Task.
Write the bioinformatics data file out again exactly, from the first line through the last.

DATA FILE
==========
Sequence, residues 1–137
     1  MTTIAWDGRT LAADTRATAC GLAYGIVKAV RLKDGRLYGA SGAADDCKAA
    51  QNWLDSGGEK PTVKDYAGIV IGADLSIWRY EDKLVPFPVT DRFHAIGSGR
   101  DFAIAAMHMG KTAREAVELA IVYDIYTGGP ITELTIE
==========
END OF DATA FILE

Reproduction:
Sequence, residues 1–137
     1  MTTIAWDGRT LAADTRATAC GLAYGIVKAV RLKDGRLYGA SGAADDCKAA
    51  QNWLDSGGEK PTVKDYAGIV IGADLSIWRY EDKLVPFPVT DRFHAIGSGR
   101  DFAIAAMHMG KTAREAVELA IVYDIYTGGP ITELTIE